One wonders whether a pre-election deal may in fact have been made, but that is for the Greens and the Labor Party to tell the Australian people. The simple fact remains that no manner of squirming and no manner of word games claimed by the Prime Minister can get her out of the solemn promise she made. This cuts at the very heart of our democratic system. Our democratic system is based on integrity. It is based on trust. It is based on the belief that when a government goes to the people with a promise it can in fact be believed and the promise can in fact be implemented.
Senator Cameron —No wonder they want to get rid of you. What a pathetic performance. You—the leader!
Senator ABETZ —Of Senator Cameron, who represents the zombies in this place, I ask, I wonder who said this:
I think when you go to an election and you give a promise to the Australian people, you should do everything in your power to honour that promise. … We want Australians to be able to say well, they said this and they did this.
The same person—there is a hint for you, Senator Cameron—also said:
If the reputation of this government is that we are stubborn in the delivery of our election promises, then we are stubborn in keeping our word to the Australian people. Then I’ll take that. I’ll take that as a badge of honour.
Who said that? None other than your Prime Minister. There she is on the record, absolutely ruling out a carbon tax, absolutely telling the Australian people how fundamental and important it is to have honesty and integrity in the delivery of an election promise. So I say to the Prime Minister and to the Labor Party: if you want to honour your election promise of no carbon tax, we in the coalition will support you all the way. We will assist you in that, because you and we were both elected on the same policy of no carbon tax.
Considering the vote that the coalition got and the vote that the Australian Labor Party got in comparison with the 10 per cent or so that the Greens got, the Australian people are asking, ‘How is it that the will of 90 per cent of the Australian people can be so shamelessly discarded?’ The reason is that Ms Gillard and Labor will do whatever it takes to cling onto power. That is their modus operandi. There is no morality in this. Let us not try to dress this up as some environmental policy, because it is not. It is a tax grab, but they are trying to give it a green veneer. It seems, in recent times, that, no matter what Labor is confronted with, the immediate reaction is tax. If there is a flood, let us have a tax; students, let us have a tax; resources, let us have a tax; alcohol, let us have a tax; carbon in the air, let us have a tax. These people are absolutely addicted to tax, even in circumstances in which they know it will hurt their base.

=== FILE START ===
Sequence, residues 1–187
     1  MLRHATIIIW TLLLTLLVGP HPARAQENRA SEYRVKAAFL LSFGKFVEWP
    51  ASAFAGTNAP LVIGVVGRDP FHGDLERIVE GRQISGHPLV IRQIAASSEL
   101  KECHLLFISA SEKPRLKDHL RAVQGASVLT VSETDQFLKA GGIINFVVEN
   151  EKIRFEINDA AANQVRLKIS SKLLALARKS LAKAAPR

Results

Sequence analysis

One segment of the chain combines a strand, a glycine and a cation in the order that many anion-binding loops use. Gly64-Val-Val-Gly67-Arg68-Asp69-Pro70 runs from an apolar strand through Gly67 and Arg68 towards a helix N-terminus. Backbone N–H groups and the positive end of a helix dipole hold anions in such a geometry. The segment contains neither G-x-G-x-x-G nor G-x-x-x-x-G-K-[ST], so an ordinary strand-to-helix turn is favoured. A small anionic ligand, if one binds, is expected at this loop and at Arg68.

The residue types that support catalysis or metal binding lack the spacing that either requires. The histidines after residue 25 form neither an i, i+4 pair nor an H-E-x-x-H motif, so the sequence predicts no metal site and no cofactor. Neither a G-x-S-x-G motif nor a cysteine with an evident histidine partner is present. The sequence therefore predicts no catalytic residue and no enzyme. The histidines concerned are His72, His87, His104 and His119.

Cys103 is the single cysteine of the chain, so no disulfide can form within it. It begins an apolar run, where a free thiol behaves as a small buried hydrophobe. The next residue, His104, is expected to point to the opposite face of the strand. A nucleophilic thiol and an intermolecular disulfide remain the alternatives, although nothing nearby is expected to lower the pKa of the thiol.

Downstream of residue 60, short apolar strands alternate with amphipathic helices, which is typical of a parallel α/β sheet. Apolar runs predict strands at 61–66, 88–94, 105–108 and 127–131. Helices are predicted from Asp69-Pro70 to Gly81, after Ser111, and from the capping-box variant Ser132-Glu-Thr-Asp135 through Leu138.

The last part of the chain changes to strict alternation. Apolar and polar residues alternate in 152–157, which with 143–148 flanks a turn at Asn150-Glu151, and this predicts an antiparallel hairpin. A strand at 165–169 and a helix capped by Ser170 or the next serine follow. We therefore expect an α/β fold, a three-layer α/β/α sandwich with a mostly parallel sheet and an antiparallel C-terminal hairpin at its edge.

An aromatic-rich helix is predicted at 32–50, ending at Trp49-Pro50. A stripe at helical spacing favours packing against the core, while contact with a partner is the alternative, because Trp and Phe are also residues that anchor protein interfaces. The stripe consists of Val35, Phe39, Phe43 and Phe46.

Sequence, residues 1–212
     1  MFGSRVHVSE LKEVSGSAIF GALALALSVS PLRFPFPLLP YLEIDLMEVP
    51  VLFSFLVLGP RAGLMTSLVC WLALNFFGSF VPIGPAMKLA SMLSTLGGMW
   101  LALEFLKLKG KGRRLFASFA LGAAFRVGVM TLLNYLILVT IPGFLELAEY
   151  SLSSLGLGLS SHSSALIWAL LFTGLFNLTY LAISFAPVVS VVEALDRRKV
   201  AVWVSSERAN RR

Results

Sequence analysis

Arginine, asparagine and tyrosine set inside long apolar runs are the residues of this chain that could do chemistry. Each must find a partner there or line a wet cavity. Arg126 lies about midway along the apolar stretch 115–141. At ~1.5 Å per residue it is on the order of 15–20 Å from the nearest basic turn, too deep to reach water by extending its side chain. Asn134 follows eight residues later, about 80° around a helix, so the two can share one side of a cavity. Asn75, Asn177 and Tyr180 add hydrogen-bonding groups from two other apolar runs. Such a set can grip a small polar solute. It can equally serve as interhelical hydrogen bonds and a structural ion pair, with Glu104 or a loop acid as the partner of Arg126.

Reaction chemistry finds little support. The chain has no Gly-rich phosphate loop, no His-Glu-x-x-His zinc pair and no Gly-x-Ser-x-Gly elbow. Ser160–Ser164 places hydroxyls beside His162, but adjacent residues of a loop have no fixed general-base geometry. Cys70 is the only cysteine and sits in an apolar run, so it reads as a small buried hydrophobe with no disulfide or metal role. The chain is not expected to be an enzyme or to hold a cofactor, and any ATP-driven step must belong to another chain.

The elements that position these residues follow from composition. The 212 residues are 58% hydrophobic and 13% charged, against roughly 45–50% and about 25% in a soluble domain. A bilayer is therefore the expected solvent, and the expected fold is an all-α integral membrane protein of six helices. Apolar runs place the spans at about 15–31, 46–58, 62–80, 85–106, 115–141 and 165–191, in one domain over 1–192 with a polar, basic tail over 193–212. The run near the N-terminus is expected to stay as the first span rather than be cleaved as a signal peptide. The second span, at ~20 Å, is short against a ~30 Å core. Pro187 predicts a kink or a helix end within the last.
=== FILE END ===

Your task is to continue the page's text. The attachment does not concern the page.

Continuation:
People like Senator Cameron and others who once were proud trade union leaders and who once were proud defenders of the Australian manufacturing sector are now sitting in this place selling that sector out. One indeed wonders why Senator Cameron had to go to all the trouble of knifing out Senator George Campbell from this place. Senator Campbell had become too weak; the Labor Party was deserting the workers. And now we have Senator Cameron following suit. We have in this one action by the government a window into how this government will behave.
Senator Sterle —Yawn. I am tired.
Senator ABETZ —Senator Sterle may well be tired.
Senator Sterle —I am bored.
Senator ABETZ —I imagine that listening to an intellectual argument for over five minutes would tire him. I can understand that, Senator Sterle. Nobody would complain if you were to take yourself outside of the chamber.
Senator Sterle —I am bored because you are boring me.
Senator ABETZ —What we have here is an issue of fundamental importance to the future of our nation. First of all, it is the democratic issue of a broken election promise, but not just any election promise: one that was made so solemnly, so deliberately and so carefully. There would be no carbon tax. Nothing could be clearer than that. Yet in question time today Senator Evans, despite knowing the fact, could not bring himself to admit that, yes, that is what the Prime Minister said; yes, it is a fact that the Labor Party’s election speech did not contain any mention of a carbon price or a carbon tax.
This government deserves the censure of the whole Senate. Indeed, I have a sneaking suspicion that if there were a secret ballot there would be members of the Labor Party caucus who would be voting for this, because they were not even allowed to have a say. So much for the community consultation. The Prime Minister did not even consult the community representatives that were democratically elected. I think she knew what the result would be.
So I accept that on this occasion we will not have a secret ballot. But I plead with those on the crossbenches to consider the gravity of this situation, because this government is deserving of censure for its deceit, for its deals and for its denials, which have now morphed into their new carbon tax—a tax which will hurt every single Australian household budget, will costs tens of thousands of jobs and will mug the world environment to boot.